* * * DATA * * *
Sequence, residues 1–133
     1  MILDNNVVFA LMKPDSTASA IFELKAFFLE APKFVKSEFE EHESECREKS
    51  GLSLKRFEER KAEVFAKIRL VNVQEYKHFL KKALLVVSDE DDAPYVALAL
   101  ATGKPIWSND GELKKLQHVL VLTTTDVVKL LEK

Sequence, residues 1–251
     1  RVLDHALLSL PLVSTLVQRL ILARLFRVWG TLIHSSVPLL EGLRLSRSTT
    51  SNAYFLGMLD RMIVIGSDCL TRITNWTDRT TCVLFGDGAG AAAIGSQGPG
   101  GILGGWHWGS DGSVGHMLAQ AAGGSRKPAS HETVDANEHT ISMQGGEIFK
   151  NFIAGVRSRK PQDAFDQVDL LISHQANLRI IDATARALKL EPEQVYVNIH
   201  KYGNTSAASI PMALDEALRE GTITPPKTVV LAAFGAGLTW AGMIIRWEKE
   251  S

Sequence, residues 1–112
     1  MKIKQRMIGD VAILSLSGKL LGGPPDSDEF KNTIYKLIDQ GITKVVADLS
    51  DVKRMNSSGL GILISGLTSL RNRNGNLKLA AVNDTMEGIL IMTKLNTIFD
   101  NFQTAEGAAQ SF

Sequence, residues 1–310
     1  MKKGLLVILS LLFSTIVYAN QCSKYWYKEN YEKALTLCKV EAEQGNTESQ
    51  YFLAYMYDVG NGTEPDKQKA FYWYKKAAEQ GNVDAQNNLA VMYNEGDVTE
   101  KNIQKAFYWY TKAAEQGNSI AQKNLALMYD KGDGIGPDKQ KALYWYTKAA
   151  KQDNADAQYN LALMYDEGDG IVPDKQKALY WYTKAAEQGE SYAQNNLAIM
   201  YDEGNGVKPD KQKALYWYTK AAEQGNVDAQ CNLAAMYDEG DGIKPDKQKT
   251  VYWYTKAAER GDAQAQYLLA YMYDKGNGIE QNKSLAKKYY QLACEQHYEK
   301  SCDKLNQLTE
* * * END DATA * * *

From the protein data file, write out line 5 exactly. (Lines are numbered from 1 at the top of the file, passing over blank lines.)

Sequence, residues 1–251